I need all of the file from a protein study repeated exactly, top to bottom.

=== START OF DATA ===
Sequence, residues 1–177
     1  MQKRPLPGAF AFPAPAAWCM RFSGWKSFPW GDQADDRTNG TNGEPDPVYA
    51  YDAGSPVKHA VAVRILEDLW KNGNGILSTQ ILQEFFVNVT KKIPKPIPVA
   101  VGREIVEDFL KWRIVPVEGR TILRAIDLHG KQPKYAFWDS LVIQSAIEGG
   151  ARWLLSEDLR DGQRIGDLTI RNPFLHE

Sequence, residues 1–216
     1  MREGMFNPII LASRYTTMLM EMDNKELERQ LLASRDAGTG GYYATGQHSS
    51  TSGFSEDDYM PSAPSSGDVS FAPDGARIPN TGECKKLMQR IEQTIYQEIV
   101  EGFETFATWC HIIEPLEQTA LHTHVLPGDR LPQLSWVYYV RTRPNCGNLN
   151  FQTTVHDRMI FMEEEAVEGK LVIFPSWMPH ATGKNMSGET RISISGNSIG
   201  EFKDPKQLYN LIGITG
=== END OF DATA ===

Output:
Sequence, residues 1–177
     1  MQKRPLPGAF AFPAPAAWCM RFSGWKSFPW GDQADDRTNG TNGEPDPVYA
    51  YDAGSPVKHA VAVRILEDLW KNGNGILSTQ ILQEFFVNVT KKIPKPIPVA
   101  VGREIVEDFL KWRIVPVEGR TILRAIDLHG KQPKYAFWDS LVIQSAIEGG
   151  ARWLLSEDLR DGQRIGDLTI RNPFLHE

Sequence, residues 1–216
     1  MREGMFNPII LASRYTTMLM EMDNKELERQ LLASRDAGTG GYYATGQHSS
    51  TSGFSEDDYM PSAPSSGDVS FAPDGARIPN TGECKKLMQR IEQTIYQEIV
   101  EGFETFATWC HIIEPLEQTA LHTHVLPGDR LPQLSWVYYV RTRPNCGNLN
   151  FQTTVHDRMI FMEEEAVEGK LVIFPSWMPH ATGKNMSGET RISISGNSIG
   201  EFKDPKQLYN LIGITG